Back in 2016, SEO expert Brian Dean introduced the world to a content creation strategy he refers to as the “skyscraper technique.”
Ever since then, it seems like you can't walk three feet in the world of digital marketing without running into that phrase.
Everyone's out there proclaiming the Gospel of the Skyscraper Technique, evangelizing this particular approach to creating the kind of informational content that attracts backlinks and gets noticed.
And to be fair, there's a reason for that.
This approach really can work well, when it's executed well.
The idea behind it is pretty simple. Check out what kind of content other people have created, then do something better.
While that concept is pretty easy in theory, it's not as straightforward as it sounds.
To pull this off, you actually do really need to provide some unique value. You have to do something that hasn't been done before.
If you think that parroting what's already out there, and just making it longer, is going to help you triumph over your competitors, you're probably going to have a pretty hard time.
The truth is, length isn't equal to depth, comprehensiveness, or value to the reader.
Just because you wrote 3,000 words, it doesn't mean your content is any good. This isn't a place for generic, mediocre content.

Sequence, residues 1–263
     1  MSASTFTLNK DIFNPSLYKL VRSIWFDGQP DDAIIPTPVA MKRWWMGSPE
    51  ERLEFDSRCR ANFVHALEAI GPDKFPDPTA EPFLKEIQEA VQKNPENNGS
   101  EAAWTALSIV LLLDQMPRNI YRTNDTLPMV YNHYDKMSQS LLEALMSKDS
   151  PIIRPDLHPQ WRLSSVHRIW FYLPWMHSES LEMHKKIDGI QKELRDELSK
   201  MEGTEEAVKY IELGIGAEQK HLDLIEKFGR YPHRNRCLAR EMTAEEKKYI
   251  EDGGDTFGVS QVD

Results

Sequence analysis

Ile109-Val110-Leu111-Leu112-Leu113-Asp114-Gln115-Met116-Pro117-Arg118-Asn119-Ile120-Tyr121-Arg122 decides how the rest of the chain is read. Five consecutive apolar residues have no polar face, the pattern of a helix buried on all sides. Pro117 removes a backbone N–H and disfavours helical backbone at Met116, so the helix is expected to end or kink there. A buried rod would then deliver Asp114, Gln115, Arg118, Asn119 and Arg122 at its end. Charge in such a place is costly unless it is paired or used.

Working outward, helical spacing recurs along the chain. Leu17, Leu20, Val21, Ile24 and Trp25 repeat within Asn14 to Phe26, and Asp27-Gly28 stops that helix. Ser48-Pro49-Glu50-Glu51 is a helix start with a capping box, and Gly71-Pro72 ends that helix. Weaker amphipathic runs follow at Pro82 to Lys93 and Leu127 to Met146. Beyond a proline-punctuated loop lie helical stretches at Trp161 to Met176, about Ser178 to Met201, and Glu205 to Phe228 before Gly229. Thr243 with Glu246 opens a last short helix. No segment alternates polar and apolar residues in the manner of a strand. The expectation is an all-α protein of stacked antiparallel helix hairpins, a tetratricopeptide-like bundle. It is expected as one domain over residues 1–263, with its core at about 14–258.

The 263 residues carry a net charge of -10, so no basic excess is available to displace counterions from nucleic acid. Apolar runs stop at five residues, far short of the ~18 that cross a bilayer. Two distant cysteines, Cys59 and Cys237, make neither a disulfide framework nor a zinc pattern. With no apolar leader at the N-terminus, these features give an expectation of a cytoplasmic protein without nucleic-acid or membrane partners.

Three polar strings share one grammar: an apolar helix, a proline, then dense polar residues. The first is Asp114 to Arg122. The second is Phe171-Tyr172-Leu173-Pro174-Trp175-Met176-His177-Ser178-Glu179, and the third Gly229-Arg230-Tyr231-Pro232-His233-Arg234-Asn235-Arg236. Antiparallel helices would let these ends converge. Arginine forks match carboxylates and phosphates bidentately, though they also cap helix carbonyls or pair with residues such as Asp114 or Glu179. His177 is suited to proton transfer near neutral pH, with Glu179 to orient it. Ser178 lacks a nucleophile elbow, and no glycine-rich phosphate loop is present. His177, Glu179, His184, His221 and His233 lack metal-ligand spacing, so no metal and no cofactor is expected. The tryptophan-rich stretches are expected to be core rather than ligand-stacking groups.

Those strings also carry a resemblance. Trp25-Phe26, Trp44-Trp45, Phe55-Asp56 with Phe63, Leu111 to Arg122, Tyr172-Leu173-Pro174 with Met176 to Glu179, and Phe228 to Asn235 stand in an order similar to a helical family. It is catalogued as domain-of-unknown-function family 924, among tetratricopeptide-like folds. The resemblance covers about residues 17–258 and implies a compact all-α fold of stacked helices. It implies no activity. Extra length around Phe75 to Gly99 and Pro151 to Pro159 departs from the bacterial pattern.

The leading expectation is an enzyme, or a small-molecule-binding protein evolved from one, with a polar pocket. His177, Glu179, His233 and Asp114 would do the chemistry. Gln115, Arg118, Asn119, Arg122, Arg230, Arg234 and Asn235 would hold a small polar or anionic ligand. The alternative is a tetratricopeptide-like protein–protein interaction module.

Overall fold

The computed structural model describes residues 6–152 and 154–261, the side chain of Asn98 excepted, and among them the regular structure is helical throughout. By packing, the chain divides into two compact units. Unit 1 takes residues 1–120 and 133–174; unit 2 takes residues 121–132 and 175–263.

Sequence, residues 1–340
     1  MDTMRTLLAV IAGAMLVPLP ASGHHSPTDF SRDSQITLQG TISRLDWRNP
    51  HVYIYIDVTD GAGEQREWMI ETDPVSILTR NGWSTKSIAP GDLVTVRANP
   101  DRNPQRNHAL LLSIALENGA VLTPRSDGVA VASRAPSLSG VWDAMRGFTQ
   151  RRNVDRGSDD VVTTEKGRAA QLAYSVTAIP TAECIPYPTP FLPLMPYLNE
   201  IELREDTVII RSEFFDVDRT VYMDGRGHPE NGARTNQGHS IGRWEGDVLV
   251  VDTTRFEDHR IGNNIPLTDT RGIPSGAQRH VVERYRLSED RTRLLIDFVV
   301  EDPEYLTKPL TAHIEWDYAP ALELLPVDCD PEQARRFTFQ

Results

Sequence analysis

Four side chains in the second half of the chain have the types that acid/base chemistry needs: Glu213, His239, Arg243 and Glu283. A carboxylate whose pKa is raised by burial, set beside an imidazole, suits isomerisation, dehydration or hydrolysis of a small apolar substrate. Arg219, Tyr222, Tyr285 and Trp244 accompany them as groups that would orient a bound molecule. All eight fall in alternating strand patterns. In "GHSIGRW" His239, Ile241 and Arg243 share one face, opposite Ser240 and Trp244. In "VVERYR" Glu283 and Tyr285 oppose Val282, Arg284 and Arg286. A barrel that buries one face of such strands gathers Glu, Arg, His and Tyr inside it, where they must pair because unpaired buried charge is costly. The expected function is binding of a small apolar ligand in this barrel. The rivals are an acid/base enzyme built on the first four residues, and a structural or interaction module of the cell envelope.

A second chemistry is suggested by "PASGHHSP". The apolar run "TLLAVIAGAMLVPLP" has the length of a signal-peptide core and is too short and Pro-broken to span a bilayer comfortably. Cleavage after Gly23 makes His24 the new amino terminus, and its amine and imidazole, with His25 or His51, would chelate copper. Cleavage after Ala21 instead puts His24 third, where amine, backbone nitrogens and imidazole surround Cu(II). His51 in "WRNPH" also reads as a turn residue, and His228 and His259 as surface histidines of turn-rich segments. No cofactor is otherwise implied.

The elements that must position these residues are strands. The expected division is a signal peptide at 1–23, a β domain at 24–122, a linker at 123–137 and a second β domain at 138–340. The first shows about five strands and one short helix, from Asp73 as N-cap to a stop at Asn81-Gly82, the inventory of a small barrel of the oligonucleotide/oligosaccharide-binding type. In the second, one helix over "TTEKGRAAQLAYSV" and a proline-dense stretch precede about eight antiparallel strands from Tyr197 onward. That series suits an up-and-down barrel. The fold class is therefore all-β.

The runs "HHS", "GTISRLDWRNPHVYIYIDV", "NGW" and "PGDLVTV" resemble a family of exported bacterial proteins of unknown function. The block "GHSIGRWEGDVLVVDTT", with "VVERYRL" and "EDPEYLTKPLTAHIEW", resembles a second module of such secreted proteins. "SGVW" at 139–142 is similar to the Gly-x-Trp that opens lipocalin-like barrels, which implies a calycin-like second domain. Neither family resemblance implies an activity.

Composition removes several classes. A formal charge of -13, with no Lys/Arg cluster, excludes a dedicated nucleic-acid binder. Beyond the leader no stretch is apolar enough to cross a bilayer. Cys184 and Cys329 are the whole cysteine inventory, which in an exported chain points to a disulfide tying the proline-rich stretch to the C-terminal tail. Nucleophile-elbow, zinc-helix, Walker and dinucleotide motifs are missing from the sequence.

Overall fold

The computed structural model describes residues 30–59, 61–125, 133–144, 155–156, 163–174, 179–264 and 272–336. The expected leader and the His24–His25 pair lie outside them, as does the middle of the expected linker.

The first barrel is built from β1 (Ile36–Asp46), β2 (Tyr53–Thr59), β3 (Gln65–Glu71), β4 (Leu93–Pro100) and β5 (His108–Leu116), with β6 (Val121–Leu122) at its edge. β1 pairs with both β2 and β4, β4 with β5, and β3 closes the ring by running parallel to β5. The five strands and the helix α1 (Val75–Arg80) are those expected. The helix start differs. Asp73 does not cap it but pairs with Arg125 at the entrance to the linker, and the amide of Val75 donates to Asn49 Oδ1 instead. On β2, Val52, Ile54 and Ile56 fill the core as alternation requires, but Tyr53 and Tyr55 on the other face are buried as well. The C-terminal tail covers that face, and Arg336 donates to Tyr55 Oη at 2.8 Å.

Can you really say something of value that hasn't been said before?
In a lot of niches and industries, that might be easier said than done.
In a recent article about content creation frameworks in Marketing Land, the author explains that along with its advantages, the skyscraper technique does have some drawbacks as well.
Advantages to skyscraper content
With the skyscraper technique, you start the process knowing the content you’re producing is relevant and helpful.
You’re choosing content pieces that are already popular and have a lot of links to improve upon.
If you can truly enhance the content and create something better, there’s a good chance that the sites that published the original piece would be interested in your updated piece, too.
If you target them specifically, you may find yourself quickly building a lot of links because these sites have already shown interest in this topic by posting the original piece. S
ome of the initial research is ready for you in the form of the original post.
Disadvantages to skyscraper content
One big question here is:
Are you really adding value with the new piece of content you’re producing?
Is there a true need for an update or refresh, or are you just trying to outdo someone else?
Some pieces of skyscraper content feel like they’re just trying to be wordy for the sake of being longer.
It’s easy to get caught up in trying to make a good piece better, and sometimes, that original piece is good as is.
It doesn’t need to be improved upon.
You can read more about the skyscraper technique, along with other content generation models, over at Marketing Land.
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